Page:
Accountability…it’s a word that I hear from every leader in every organization. The question on their lips is how do I get people to be accountable? And then it follows with statements such as “what’s wrong with these people”, “isn’t anyone accountable”, “they simply don’t care” or “I keep asking and they keep ignoring” or some other version of ‘it’s them not me’.
I believe that accountability starts with the leader.
If the leader doesn’t model accountability then why would anyone in the organization feel the need to be accountable themselves? When the leader doesn’t communicate an explanation of why whatever they are asking for is important to the organization, the employee doesn’t have a clear sense of how their work matters, or how they are valued. Worse yet when the leader simply grumbles, complains or shouts out their frustration and doesn’t have a conversation it leaves people feeling unappreciated and uncertain as to the problem and what to do differently.
Accountability starts at the top, period. Let’s explore a bit of the concept of accountability and what gets in the way of having an organization where people are accountable.
You must define accountability. This seems ridiculous I know. Accountability is people doing what they say they are supposed to do, when they are supposed to do it. If that is how you are defining it great. On the other hand, maybe you are including other criteria such as engagement, honesty, communication or other terms. Make sure you define accountability for yourself and the organization and then communicate this repeatedly to others.
Assuming commitment from others. Just because you tell someone to do something does not mean they understand what you want, or even agreed to handle. As leaders we assume if we make a statement or a request it will be done. Not true!
Laziness. It isn’t easy to have conversations with others when they misstep, don’t follow through or provide you with incomplete or inaccurate results. Leaders often resort to criticism and negative comments rather than productive and informative conversations. AND the worse case is when a leader tells someone “you didn’t do it right and figure it out for yourself what you should do differently”. Come on, how will they be able to figure that out.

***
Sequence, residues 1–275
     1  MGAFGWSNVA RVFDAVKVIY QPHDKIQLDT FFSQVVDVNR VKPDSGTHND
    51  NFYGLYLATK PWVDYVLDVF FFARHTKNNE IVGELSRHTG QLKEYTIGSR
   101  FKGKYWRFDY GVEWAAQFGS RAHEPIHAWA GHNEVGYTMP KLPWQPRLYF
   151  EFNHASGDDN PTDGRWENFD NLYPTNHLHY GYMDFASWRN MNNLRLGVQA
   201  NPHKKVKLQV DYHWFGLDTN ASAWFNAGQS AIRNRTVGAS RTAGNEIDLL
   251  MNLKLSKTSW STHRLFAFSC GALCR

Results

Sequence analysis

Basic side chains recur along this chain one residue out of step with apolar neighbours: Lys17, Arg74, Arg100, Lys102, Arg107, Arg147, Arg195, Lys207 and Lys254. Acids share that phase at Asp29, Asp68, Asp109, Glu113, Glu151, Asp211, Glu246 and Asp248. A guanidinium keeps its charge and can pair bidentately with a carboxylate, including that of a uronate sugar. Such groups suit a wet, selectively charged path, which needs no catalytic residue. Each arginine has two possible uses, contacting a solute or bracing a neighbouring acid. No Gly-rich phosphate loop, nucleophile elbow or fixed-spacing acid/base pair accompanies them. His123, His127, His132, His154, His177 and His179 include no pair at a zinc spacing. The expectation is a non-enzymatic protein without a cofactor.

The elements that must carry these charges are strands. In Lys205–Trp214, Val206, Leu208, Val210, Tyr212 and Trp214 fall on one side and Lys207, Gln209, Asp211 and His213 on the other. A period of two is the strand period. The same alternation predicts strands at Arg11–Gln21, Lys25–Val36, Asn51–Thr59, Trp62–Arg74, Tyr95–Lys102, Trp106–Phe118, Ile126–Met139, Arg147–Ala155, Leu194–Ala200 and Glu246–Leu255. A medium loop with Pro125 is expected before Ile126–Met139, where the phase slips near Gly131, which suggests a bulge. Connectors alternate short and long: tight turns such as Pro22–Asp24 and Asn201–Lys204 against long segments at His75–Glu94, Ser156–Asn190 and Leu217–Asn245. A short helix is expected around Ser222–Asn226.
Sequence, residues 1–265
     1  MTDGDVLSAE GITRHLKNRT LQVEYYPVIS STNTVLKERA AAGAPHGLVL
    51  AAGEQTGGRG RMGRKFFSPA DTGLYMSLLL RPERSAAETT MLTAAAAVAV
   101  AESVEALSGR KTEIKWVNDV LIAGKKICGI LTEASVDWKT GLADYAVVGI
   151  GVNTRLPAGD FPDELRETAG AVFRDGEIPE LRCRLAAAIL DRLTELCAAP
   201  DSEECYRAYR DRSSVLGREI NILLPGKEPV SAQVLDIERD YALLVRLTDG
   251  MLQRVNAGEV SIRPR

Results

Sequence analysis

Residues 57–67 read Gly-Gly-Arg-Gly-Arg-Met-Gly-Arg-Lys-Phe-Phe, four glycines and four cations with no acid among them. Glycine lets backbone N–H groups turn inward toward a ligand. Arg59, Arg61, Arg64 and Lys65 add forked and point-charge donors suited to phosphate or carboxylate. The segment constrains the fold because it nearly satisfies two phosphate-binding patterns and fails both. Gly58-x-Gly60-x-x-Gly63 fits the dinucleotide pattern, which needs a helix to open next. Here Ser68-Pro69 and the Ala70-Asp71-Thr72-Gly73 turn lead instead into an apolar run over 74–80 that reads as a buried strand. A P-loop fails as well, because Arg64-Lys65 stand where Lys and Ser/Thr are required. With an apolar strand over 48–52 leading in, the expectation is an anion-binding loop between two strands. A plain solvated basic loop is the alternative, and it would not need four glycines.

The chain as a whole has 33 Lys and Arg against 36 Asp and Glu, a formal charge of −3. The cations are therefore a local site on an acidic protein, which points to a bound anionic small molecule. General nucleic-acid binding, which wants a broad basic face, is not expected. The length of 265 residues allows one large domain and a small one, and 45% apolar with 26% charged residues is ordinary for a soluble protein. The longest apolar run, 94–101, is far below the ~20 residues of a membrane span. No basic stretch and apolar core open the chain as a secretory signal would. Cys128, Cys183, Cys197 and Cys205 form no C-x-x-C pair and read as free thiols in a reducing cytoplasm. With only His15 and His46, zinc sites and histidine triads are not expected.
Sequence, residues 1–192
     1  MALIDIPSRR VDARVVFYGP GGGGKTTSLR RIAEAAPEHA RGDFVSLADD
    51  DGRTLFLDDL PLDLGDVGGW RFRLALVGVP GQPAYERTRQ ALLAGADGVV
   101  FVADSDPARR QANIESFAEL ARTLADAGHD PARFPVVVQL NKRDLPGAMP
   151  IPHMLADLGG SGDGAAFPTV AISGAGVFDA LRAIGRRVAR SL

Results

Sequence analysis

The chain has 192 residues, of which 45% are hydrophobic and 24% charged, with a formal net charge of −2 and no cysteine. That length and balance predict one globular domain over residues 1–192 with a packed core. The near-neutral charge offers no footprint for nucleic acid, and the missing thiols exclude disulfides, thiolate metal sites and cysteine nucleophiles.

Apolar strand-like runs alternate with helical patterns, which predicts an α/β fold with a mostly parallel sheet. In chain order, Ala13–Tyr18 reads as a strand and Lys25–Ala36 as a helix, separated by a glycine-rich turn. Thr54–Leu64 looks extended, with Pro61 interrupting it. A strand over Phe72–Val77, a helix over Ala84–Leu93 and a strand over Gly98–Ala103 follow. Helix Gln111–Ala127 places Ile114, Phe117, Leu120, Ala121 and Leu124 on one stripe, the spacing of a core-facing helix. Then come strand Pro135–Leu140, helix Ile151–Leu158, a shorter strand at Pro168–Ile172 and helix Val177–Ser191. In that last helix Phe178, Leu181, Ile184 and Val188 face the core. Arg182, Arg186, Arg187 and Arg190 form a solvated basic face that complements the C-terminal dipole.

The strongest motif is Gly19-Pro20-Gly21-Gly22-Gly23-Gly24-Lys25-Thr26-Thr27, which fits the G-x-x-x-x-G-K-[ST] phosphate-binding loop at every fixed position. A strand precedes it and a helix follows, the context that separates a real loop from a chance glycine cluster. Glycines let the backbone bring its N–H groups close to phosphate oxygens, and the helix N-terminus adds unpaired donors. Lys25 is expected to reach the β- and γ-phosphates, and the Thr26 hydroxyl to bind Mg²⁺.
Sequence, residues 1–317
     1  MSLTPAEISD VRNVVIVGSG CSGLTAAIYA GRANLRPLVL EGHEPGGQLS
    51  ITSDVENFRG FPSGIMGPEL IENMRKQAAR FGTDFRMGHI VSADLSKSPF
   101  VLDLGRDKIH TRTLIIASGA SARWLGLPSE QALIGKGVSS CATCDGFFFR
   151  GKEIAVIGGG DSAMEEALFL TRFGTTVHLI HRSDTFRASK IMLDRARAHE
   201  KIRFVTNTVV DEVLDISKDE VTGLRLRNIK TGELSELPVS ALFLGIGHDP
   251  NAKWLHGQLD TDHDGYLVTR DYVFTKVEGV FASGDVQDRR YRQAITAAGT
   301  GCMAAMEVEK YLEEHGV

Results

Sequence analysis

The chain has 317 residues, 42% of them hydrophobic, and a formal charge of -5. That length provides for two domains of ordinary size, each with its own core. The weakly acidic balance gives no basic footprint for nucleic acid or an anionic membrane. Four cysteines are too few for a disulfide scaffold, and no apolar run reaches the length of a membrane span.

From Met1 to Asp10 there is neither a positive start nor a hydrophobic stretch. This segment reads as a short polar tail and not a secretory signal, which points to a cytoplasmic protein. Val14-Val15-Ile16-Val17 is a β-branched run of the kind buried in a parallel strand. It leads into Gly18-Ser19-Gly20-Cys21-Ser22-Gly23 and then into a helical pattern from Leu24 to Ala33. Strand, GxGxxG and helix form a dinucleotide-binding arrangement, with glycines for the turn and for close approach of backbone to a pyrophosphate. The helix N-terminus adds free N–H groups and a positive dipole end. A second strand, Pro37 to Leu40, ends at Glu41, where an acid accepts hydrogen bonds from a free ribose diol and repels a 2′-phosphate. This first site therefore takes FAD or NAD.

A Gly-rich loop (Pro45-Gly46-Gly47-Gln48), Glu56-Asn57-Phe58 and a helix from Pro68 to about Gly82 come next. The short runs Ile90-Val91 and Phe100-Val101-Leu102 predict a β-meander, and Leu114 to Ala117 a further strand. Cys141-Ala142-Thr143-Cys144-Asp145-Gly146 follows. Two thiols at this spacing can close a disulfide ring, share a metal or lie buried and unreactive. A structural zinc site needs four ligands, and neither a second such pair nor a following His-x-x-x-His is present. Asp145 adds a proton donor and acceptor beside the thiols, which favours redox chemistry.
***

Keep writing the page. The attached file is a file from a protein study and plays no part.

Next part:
Asking others to do as you say but not as you do. When a leader makes promises to other and doesn’t follow through the message is either ‘I didn’t really mean it’ or ‘the rules are different for me’ or some other message that doesn’t communicate anything positive.
Lack of clarity. I can’t tell you how often team members will tell me they aren’t clear about what is being asked of them. hey will ask questions and get cryptic responses, no response of not enough additional information to ensure they know what is expected. I believe that too many leaders aren’t clear themselves and have a bring me a rock syndrome (I’ll know when I see it) and don’t realize it, or they are in such a hurry they provide limited amounts of information and don’t slow down enough to let others ask questions.
No communication feedback loop. Part of accountability includes a communication loop. The communication loop tells others if something has changed and how it impacts them. It also includes telling others when they are brilliant and handled a task or project well, not simply when you are upset with the results.
Too much email and texting. We live in a fast-paced business world and communication is often handled electronically rather than over the phone or face-to-face. While electronic communication has value it does not replace connecting with others at a human level. Part of the challenge with emails and texts is they are meant to be short, which limits how effectively a message is communicated. Another challenge is it limits the back and forth question/answer opportunity that happens when you are speaking with a person.
Thinking it’s them not you. I promise you most people who work for a company want to do a good job. They want to meet the needs of the organization and perform well. When you assume it’s their fault and you had no part or a very limited part in the outcome they will feel dismissed, not valued and take a ‘why bother’ attitude.
Making accountability punitive. I am the first to admit that when someone continues to display behavior that is not acceptable, doesn’t perform well and repeated conversations don’t change anything that some action has to happen. However, there are many times they simply didn’t understand, you weren’t clear, there was limited communication and a whole host of other factors that may have interfered. Before moving to punitive actions step back and ask yourself where you could be part of the problem (and thus the solution), and what might you do differently to determine if it’s attitudinal versus something else.
Leadership isn’t a title or a box on an org chart. Great leaders understand their role is to develop, grow, mentor and coach the people that work for them to greatness. Take a look in the mirror and ask yourself if that is what you are doing, if you truly care about others and their growth and development and if you are modeling for them the behavior and actions you want from them.